American history might have been very different if this natural plant had been allowed to follow its evolving course. Take a look at the logical trends that have been disrupted and form your own conclusion.
5By the 1930s, hemp was about to take the lead in production and export over cotton. This did not bode well with some large corporations (DuPont, to be exact). Dupont had discovered a way to use cotton oil in their new plastic fiber and hemp was becoming a deterrent to his plans of marketing. These corporations went to work in Washington D.C. to suffocate the production of hemp, and in 1938, succeeded. The reason stated was the threat of drug abuse under the Opium and Narcotics Act.
4Hemp has a carbohydrate that can be used in the same way that hydrocarbon (fossil fuel) is used. Anything that petroleum-based products are used in, hemp could replace. Jeans, canvas, paints, varnishes and more recently, fuels and plastics, would no longer need to extract oil as a byproduct of many everyday items.
3According to the Department of Energy, hemp as a biomass fuel producer is simple and cost effective to produce. Gas and liquid fuels that require fossil fuels could be reduced significantly by using hemp products as a biomass additive.
2Hemp does not decompose. It is also recyclable. Paper would not deteriorate and fiber boards would not break down from moisture as quickly. By using an acid wash, there would be no yellowing of paper either. Hemp has also proven to have higher insulation values than cotton.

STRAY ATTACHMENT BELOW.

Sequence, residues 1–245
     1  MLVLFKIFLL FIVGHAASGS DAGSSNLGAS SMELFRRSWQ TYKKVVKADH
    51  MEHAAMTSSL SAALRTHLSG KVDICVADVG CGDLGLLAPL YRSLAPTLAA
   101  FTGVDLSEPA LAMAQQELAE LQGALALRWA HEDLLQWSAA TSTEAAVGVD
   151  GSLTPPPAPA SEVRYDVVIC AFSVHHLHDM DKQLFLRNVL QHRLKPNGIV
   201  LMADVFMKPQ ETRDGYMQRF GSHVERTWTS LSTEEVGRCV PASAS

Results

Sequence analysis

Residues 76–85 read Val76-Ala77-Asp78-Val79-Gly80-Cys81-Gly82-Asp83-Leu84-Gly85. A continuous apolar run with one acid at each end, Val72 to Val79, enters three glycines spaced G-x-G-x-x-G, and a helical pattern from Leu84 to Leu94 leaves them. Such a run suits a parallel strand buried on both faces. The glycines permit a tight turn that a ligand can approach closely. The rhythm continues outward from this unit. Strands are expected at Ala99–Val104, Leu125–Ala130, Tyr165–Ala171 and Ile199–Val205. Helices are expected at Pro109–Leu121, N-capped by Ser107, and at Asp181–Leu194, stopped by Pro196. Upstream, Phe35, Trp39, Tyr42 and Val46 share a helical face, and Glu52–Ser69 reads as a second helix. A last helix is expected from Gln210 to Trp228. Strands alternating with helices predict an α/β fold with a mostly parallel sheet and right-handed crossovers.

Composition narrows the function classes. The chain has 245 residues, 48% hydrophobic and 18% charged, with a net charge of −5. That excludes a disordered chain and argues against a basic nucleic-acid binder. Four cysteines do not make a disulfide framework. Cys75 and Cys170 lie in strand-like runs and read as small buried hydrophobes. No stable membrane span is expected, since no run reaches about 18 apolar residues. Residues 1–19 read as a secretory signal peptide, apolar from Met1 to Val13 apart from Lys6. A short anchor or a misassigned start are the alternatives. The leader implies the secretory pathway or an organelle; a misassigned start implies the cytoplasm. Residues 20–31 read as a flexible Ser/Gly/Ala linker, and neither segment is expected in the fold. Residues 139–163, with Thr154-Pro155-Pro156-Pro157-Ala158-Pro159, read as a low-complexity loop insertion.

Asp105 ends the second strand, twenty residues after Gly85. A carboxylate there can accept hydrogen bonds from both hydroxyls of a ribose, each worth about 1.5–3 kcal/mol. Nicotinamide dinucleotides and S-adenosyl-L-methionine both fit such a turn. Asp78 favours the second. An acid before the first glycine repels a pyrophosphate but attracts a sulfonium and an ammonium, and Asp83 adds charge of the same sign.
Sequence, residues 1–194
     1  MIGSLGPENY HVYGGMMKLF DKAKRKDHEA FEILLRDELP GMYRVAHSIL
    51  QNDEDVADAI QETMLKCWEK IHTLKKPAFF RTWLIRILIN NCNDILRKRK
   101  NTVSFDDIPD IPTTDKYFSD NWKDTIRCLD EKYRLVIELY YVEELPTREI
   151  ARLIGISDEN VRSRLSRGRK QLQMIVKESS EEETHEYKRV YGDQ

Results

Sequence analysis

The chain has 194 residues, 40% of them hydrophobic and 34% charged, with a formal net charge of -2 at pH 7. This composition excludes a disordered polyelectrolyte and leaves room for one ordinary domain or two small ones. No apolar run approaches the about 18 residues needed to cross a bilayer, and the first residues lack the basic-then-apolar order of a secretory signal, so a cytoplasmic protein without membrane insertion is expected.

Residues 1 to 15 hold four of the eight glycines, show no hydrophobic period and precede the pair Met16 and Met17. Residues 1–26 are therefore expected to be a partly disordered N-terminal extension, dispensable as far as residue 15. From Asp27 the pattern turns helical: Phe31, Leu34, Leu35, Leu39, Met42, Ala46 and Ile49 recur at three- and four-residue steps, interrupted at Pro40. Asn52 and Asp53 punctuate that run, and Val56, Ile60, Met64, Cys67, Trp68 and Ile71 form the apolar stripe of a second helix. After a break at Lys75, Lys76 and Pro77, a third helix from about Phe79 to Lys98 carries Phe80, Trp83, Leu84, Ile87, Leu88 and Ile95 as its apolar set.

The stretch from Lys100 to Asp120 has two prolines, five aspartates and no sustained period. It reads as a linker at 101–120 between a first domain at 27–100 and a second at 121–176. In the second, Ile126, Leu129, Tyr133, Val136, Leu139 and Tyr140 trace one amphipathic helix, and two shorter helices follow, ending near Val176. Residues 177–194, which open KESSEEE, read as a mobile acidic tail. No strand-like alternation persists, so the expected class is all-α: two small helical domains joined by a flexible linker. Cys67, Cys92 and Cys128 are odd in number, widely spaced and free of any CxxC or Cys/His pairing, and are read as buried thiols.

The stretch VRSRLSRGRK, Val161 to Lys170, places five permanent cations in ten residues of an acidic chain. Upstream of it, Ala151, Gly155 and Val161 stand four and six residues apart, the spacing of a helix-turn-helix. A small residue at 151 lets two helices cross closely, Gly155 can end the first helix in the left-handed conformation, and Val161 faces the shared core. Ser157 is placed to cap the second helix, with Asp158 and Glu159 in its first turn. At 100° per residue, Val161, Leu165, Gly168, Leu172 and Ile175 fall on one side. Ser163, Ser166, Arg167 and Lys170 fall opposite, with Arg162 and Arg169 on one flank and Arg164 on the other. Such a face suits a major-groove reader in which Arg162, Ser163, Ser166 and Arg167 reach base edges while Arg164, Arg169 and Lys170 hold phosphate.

1Being an eco-friendly product, processing hemp leads to less air contamination and toxins released into rivers. Hemp grows faster than timber and grows well without herbicides, fungicides, or pesticides.
The stalk of hemp is not psychoactive and it is stronger and more absorbent than cotton that requires petroleum products in manufacturing. Can you imagine a country with less pollution, less fuel, less illness from petroleum-based products and being sufficient enough to export throughout the world? Regulations would be reduced, self-sufficiency would be increased and small business could thrive with the many uses yet to be discovered of hemp.
It has taken 78 years for our government to realize that a mistake might have been made that changed the course of history. 27 states have recently introduced legislation to remove the barriers of industrial hemp growing and processing. Who is to say that leaving hemp to evolve could have reversed a lot of the problems in our nation today? But, it certainly would have been nice to have given it a chance.